First up they wanted to forcefully induce baby. I refused when I learned I had started to dilate. I went home and sat waiting for labour to commence. I went back to hospital the next day for another routine monitoring. I expected to be there an hour. I didn't get out for four days. There was a concern with baby's heartbeat, I was given a scary talk by a doctor and I started the process of becoming drawn into the medical world of birthing. The rights and wrongs of this are all now just a blur. I know I felt caught between my hippy desires to just let baby be, and the modern mentality of relying on what the graph says. As a diplomatic Libran I spent several days trying to balance these accounts, to no avail. In the end the establishment won out.
My natural birthing was transformed into a litany of chemical induction techniques. None of which worked. The final attempt saw me hooked up to machinery, a drip in my arm with a dial being turned up to create my contractions and force my body into pushing baby out. Nothing natural about it. I couldn't even stand, change position or move around. I was catheterised, injected, poked and prodded often. I took to all this as I do anything, cheerfully. Every event is a new adventure even if the voyage is by tank rather than by foot.
As the chemicals stormed my body I attempted to utilise my natural birthing learnings. I coped nicely for several hours on meditations and mantras, but then the chemical dial was switched up and the pain it brought was astounding. Bye bye any aspects of breathing the baby out, hello vile gas and air followed by epidural, followed much later by episiotomy and forceps delivery.
And so my natural birth was made chemical, forceful, medical and surgical. The most important question here though is... Am I bothered? Well if you'd told me in advance this was how things might go, then I would have thought I'd be devastated. But in reality I'm happy. The birth was not how I planned, but my baby came out perfect. Despite being dragged into the world with great metal spoons she was alert, happy and did not cry all day long, not even following her "traumatic" birth. Maybe she knew some thing I didn't... Maybe she was cool with it. And if she is cool with it, so am I.
Indeed I've now had a birth people can relate to, which as a writer is all I could ask for. Whilst it would have been lovely to sit and squat whilst humming mantras and envisioning my lady bits opening like a flower, it wasn't the way things went. Such a birth, as romantic as it sounds, is out of reach for the vast majority of people, and so to make the most of what we do get, is an equally powerful way of birthing.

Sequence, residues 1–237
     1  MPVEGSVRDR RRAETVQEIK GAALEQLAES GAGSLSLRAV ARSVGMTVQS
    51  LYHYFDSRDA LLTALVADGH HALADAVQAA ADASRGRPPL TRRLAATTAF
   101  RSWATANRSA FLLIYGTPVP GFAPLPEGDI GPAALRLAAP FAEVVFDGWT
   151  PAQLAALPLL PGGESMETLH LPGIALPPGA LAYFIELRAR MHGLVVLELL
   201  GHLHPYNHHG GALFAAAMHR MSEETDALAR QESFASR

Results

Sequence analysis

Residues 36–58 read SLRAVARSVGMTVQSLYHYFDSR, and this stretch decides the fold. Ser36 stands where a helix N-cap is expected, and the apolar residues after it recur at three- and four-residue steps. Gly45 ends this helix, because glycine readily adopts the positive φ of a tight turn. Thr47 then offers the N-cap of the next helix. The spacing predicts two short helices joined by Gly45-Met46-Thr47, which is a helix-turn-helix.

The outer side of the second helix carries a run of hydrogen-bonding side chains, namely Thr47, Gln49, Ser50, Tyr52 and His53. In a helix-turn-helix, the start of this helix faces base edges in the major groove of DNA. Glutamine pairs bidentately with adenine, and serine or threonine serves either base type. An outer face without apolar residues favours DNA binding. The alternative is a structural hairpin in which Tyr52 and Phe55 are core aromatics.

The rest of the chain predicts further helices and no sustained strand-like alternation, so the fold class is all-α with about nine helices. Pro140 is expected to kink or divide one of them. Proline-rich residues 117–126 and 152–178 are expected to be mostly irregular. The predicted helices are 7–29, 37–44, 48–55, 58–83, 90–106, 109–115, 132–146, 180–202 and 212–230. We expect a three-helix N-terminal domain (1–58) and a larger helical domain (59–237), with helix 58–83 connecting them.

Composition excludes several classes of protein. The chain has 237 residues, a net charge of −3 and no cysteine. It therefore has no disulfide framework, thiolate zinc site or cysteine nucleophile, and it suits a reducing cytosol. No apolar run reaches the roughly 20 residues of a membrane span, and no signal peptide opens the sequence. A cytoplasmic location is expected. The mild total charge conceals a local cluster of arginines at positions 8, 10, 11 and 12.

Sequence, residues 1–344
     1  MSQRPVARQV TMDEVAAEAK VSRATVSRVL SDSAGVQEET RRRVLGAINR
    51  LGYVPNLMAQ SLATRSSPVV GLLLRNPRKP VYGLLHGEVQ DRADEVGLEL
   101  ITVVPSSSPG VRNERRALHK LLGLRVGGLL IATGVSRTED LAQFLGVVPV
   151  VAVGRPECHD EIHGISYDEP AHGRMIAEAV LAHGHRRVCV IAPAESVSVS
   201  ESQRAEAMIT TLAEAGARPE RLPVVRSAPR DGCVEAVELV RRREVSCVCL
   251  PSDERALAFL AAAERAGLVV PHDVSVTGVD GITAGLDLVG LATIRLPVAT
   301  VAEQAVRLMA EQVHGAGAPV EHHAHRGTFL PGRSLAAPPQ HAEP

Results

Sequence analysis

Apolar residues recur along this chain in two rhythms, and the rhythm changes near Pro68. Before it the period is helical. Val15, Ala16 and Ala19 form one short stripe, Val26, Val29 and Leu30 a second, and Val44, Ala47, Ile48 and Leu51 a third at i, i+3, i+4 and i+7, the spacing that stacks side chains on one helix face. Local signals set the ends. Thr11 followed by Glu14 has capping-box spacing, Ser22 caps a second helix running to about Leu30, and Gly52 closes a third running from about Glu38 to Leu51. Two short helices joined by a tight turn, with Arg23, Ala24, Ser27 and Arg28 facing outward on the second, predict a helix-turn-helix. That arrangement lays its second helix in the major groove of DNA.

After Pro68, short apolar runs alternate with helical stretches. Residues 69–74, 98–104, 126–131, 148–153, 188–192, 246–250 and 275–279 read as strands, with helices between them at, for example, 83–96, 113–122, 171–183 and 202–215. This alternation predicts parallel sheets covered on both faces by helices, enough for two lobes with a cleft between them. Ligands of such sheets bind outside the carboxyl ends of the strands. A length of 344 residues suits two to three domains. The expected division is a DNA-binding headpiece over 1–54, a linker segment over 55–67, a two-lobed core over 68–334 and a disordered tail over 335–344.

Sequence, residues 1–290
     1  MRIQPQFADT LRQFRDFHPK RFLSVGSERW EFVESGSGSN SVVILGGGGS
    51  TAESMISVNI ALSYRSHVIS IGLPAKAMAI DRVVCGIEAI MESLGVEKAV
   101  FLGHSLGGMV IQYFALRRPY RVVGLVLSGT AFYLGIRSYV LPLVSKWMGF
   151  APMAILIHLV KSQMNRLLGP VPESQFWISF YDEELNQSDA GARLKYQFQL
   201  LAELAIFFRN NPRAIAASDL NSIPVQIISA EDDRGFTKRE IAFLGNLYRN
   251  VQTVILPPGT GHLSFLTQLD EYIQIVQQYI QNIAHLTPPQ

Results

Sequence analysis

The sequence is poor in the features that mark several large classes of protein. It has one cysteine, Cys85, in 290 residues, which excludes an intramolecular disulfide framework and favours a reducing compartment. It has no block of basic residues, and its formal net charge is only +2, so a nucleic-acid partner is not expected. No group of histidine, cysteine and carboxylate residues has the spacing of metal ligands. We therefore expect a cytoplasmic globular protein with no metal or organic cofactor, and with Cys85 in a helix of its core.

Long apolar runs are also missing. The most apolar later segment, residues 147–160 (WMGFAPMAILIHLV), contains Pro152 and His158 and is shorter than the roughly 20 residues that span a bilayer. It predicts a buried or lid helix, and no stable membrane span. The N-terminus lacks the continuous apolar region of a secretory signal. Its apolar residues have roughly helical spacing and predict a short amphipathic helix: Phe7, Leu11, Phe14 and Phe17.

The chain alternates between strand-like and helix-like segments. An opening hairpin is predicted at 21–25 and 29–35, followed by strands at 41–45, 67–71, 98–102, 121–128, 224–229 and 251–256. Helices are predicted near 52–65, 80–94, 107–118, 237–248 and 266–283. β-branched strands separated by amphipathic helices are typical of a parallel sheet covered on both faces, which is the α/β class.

My natural birth education had told me to be wary of the medical brigade, and I had been. I started off the week convinced I was being dragged into some kind of medical conspiracy to drug me and remove my baby by force. Now this did happen, but was it a conspiracy? Or was it simply a bunch of professionals acting to their protocols? I had not liked being subjected to procedure, but who is to say that I did not need to be? Given my babies stubbornness to launch into the world, perhaps I did. I've learned since that my mum and grandma's children were all delivered by forceps. Our families women carry well, but apparently we need a little help at the end... No shame in that.
In spite of my reservations about the medical model I learned too that it is staffed by lovely people. They are far from wishing to harm me or anyone. A medical birth challenged my jaded view and the midwives came up smelling of roses. A natural birthing in a darkened room would have missed out on their cheery smiles, helpful advice and heartfelt encouragement.
I have read many women's tales of guilt and woe at not having their picture perfect birth. Even years after birth some gals torture themselves on how it all went wrong and the apparent disservice they did their child. But the thing is, we are a medically altered peoples living in unnatural times. I could mourn the loss of my ideal birth, but then I may as well grieve the fact I am writing this on a computer as opposed to using chalk and blood on my cave wall.
Things did not go to plan but I had an amazing birth. It was gritty, drawn out, painful and emotional. It was hardwork and it tested myself and my husband far beyond what we ever expected. There was a great deal of blood and tears and everything, literally everything I planned went out the window. Yet it was perfect. It was how it should of been. I'm so happy it happened as it did and I know all i can do is respect life's greater plan. Perhaps what my soul and spirit really wanted was not the lightness of a pretty birth but the challenge of something real, something fleshy, messy and hardcore.
A perfect childbirth is all in the mind. Relinquishing control and letting life be as it inevitably will be is an act of powerful contrition. My childbirth has been a life lesson. We may think we know what we want, we can plan and wish and cosmically order it. But if it's not right for us, life intervenes. We can choose to rail against that intervention, or we can accept it, thank it and be at peace. I choose to be at peace. I have a beautiful healthy baby, and any injury to myself was well worth that outcome. A perfect birth, like a perfect anything in life... Is all in the mind.